Home. It's the most emotive word in the English language. 

This time of the year people start asking you, are you going home? And wherever you live in the world these days, home still means the same place, it still means Ireland.

Read more: What can Donald Trump and Brexit teach Ireland in 2019?

This Christmas, there are 4,000 Irish children who are homeless in their own country. 4,000. As well as being shameful and inexcusable, this outrageous development asks us all a timely question we must answer if home is still to mean Ireland in any sense at all.

What kind of Ireland can let its own children live in so much anxiety? What kind of people governs us now if they can let this occur? One homeless child is a tragedy, but 4,000 is a failure of government. 

For a start, we'd do well to consider some of the basic facts about the increasing economic inequality in our country. According to Deutsche Bank, just 20 percent of the country owns 73 percent of its wealth. That's a startling figure. That demonstrates the kind of political clout 20 percent have on the rest of the nation.

And the bottom 20% of the nation, and that's 1.5 million of us by the way, own just a pathetic 0.2% of Ireland's wealth. Almost a century after independence, for over a million Irish citizens, it looks like the country has just changed landlords, or as Yeats put it, “The beggars have changed places but the lash goes on.”

Read more: It would take average folks 22 years to save enough for the deposit on a Dublin house

In the 19th century, the Irish actually took up arms to change this level of foundational inequality. Did we learn nothing from that long struggle? Are we going to permit a new, native-born, landlord class to make us all frightened tenants in our own country again?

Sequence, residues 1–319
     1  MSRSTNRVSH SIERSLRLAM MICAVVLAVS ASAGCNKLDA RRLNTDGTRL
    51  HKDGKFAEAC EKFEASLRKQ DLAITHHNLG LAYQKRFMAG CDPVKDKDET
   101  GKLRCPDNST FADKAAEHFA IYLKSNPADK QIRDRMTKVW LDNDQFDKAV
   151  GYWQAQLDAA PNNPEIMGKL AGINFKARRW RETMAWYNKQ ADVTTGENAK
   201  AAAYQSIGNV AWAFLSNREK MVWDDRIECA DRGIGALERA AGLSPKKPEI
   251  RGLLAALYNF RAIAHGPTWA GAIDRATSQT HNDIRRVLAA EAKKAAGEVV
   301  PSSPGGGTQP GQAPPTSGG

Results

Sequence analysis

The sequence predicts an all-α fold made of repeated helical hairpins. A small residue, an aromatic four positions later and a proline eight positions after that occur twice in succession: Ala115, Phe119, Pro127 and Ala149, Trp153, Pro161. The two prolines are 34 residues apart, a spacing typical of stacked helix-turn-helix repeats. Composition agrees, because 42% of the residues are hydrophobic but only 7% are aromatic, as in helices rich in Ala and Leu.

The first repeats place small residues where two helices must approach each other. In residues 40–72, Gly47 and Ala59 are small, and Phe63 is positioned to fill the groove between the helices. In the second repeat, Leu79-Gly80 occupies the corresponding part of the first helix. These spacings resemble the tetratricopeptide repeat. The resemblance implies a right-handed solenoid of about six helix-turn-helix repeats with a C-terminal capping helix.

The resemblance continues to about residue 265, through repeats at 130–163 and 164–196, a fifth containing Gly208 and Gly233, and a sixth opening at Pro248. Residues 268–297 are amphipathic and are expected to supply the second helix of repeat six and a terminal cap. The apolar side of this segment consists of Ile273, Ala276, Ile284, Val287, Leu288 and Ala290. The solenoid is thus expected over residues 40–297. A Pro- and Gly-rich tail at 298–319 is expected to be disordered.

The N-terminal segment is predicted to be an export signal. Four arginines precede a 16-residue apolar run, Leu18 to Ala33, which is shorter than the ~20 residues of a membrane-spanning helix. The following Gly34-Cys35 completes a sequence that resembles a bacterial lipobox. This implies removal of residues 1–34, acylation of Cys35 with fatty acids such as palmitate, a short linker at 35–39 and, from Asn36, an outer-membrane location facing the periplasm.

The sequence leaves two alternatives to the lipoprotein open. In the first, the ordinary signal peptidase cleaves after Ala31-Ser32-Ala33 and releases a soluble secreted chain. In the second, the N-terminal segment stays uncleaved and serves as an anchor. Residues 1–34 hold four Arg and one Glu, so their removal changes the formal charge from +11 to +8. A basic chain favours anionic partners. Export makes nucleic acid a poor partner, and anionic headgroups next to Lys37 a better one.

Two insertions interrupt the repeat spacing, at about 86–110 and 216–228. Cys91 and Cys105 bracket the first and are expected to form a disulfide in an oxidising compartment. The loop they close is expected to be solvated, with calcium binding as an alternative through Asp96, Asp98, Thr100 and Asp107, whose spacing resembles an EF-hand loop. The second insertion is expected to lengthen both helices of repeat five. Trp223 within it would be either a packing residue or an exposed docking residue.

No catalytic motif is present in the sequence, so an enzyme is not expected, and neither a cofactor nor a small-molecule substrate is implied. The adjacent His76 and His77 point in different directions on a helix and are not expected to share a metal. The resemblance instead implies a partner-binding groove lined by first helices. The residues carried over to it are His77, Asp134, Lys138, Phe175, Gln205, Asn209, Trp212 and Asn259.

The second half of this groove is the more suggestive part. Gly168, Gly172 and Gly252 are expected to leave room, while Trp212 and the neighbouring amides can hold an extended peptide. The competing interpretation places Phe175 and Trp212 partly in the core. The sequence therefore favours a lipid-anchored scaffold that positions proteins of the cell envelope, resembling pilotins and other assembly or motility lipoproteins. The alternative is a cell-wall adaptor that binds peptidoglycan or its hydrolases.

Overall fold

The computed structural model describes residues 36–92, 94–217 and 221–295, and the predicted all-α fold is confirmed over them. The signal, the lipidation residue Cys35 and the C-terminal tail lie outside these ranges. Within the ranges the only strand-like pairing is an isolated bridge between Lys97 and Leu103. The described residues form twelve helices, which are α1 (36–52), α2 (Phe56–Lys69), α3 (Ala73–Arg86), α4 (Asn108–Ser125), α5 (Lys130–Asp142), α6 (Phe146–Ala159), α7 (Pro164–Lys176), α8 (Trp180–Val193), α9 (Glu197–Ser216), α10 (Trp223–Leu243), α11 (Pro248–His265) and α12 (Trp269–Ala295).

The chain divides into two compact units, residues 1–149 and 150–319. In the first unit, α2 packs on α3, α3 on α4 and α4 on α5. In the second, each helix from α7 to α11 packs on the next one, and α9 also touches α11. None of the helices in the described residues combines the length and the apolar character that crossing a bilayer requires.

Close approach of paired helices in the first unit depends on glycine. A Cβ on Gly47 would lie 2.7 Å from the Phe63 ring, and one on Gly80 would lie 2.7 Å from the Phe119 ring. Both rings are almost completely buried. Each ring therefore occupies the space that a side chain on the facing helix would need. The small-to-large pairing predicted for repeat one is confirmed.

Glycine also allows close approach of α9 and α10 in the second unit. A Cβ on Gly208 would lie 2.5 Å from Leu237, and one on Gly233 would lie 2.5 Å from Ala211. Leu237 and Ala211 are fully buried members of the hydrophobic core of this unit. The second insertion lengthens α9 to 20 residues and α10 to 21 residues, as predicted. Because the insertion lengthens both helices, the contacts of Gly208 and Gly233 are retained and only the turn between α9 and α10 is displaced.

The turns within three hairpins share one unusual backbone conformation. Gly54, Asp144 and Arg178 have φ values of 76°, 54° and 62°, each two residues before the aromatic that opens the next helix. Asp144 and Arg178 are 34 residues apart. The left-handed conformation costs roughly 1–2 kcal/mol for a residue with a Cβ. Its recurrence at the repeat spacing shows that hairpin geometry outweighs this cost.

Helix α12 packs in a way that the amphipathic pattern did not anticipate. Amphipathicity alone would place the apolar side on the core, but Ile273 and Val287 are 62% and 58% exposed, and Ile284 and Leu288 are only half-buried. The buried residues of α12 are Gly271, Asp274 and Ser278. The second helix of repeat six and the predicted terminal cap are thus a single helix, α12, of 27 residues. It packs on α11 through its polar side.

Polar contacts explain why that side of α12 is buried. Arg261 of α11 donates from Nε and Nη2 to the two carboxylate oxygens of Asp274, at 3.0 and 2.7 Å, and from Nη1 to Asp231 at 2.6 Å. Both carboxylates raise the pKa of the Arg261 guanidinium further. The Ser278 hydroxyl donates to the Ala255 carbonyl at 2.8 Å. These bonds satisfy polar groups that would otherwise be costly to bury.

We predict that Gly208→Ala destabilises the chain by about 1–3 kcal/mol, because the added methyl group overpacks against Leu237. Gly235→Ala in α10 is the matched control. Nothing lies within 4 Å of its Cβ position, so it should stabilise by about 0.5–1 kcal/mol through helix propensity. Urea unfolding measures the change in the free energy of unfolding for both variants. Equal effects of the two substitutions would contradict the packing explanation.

No one is calling for the immediate overthrow of capitalism. No one is suggesting that the system itself be completely overhauled. But rents have exploded without reference to income, and landlords are protected by biting law as tenants are thrown onto the streets, and this is happening because of the power the few have over the many.

The issue is about the consolidation of that power. It is completely unchallenged and its only growing and the Irish homeless crisis is the inevitable result.

When the British ruled Ireland we could point to our exploitation and say that it was the result of a foreign and unfeeling colonial policy, so what can we say when we point to the thousands of homeless adults and children on our streets now?

Are we any better than the people who once oppressed us? Shouldn't our history have taught us something about this? Is this really the best we are capable of?

At Christmas, our public squares often host Christmas mangers where a little child is the center of the story. The baby Jesus was the son of God and the savior of mankind, we are told, and he was born in a stable without fanfare of any kind.

The point of that story is to remind us of his great humility. From such lowly origins sprung the most powerful human being who ever lived. It's the blunt contradiction that makes the point. We don't expect good things to come from bad circumstances. Usually, we just write people off who are caught in such traps.

Ireland, for many now, is a very rich country. You can access the world's markets in any one of our glittering capitals and you can buy any goods that match your wallet. You can enjoy fine dining in rarefied settings. You can sit insulated in your leather-bound club or your first class lounge at your local airport and never have to see the mass of your countrymen at all.

The problem is that our political class are all still mired in the traditions and attitudes of the 19th century, the very era we all struggled to escape. The people who write our laws and represent us still come from a cozy inner circle of inherited wealth and status that gets handed on decade after decade impervious to the changes that occur outside in everyday Ireland.

Our main political leaders are in fact factory farmed on a private school to rugby club to top-drawer college to a professional-life conveyor belt. They spend most of their time among their own and less of out it in greater Ireland.

We have a 19th-century political model so, of course, we now have a record-breaking Victorian level of inequality and homelessness. But change is coming very soon. Because Irish people, if they believe in anything, believe in home.

Do you agree? Let us know in the comments section, below.